IDENTIFYING SPECIFIC BIOLOGICAL MOLECULES
Identifying DNA Sequences
Select DNA sequences30 are identified in complex mixtures (e.g., whole genomes) through the use of PCR or Southern blot.31 PCR was described previously. It entails the amplification of a target gene of interest using specially designed primers and the purified cellular machinery for DNA replication. The production of a PCR product indicates the presence of the sequence of interest within the sample. Thus, the results are a “yes” or “no” answer. Since primers are short (~20 bp), any mismatch between a primer and its target template sequence compromises the reaction. Therefore PCR is not an ideal method for the detection of sequences that are similar, but not identical. For example, suppose you were interested in learning how often a particular antibiotic resistance gene is found within the genomes of moderately related bacterial strains or species.32 PCR would not be a good method to use because modest differences (e.g., single nucleotide polymorphisms, SNPs) are likely to exist among bacteria, as a result of evolutionary distance. Thus, primers might fail to bind to some versions of the gene, PCR products would not be made, and false negative results would be obtained.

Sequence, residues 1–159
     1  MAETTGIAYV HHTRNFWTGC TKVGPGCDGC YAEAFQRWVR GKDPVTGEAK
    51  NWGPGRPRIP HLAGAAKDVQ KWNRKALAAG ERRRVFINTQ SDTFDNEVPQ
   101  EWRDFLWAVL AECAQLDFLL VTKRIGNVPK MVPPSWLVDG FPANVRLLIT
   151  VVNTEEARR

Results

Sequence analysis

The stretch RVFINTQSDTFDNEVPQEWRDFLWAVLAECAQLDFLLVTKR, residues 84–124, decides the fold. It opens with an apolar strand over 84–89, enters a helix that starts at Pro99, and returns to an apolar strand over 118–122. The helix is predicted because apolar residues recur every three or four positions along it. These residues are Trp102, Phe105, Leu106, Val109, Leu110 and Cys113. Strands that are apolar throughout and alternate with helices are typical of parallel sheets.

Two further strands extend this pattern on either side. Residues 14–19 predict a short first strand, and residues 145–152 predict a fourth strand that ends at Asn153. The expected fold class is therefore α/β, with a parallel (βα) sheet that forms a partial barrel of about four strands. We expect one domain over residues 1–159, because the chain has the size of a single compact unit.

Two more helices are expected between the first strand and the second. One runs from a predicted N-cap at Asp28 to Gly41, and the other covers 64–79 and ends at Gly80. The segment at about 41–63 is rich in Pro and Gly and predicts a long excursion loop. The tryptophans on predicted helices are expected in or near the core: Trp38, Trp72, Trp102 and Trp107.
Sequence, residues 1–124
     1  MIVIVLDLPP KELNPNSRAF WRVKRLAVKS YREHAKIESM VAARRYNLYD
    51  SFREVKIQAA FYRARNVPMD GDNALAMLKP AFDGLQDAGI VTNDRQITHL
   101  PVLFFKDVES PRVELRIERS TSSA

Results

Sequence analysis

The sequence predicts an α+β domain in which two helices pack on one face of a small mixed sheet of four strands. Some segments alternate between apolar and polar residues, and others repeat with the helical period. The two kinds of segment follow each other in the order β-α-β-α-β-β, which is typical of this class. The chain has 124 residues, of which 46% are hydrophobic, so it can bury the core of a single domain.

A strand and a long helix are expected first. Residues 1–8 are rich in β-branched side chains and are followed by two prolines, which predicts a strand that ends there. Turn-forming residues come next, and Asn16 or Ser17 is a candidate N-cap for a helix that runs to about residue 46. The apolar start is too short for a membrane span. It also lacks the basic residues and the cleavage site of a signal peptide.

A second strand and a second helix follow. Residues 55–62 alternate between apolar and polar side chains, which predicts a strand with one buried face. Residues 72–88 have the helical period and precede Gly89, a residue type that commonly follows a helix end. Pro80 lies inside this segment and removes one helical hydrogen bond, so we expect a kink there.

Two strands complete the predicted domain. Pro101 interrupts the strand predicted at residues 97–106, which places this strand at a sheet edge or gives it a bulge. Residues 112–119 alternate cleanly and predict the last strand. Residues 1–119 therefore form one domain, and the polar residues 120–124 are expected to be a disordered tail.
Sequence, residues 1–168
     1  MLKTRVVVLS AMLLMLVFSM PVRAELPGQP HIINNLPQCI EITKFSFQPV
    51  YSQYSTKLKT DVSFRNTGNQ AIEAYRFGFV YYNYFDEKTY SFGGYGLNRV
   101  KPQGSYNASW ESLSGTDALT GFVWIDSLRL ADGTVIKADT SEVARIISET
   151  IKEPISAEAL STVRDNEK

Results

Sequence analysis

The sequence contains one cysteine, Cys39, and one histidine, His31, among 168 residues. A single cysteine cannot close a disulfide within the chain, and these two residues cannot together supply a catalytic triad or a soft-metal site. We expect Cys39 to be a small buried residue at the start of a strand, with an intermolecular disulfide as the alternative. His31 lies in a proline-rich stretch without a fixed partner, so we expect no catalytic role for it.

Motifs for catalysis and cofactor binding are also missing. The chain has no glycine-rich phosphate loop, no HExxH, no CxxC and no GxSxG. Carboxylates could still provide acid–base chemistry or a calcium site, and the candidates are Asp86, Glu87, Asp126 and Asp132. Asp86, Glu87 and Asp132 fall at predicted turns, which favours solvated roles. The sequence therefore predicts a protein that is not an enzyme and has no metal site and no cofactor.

A technique called Southern blot is a better choice for identifying similar but not identical DNA sequences. Like PCR, Southern blot utilizes the binding of complementary bait sequences (in PCR, referred to as primers; in Southern blot, referred to as probes) to detect target sequences of interest (Southern 1975). Unlike PCR, the complementary probe sequences of Southern blots are quite large (~200+ bp), which makes the binding of bait to target more tolerant of mismatches. Thus, Southern blots are a powerful tool for cross-strain, -species, or even -genera comparisons.
In Southern blot, a complex DNA sample (e.g., a whole genome, chromosome, or plasmid) is isolated and fragmented by one or more restriction enzymes. The fragments are separated by DNA agarose gel electrophoresis and transferred from the gel onto a membrane such as nitrocellulose. DNA fragments are immobilized onto the surface of the membrane by UV-mediated or other mechanisms of crosslinking. Next, a labeled single-stranded DNA probe (usually made by denaturing a PCR product) is washed over the surface of the membrane. The probe binds (i.e., sticks, hybridizes, anneals) to complementary DNA within the sample. Unbound probe is removed by washing. Since the probe is labeled with radioactive P32 or another detectable chemical moiety (e.g., biotin), the presence of bound probe can be detected using methods such as autoradiography. Generation of a “band” within a sample lane is indicative of the presence of the target sequence.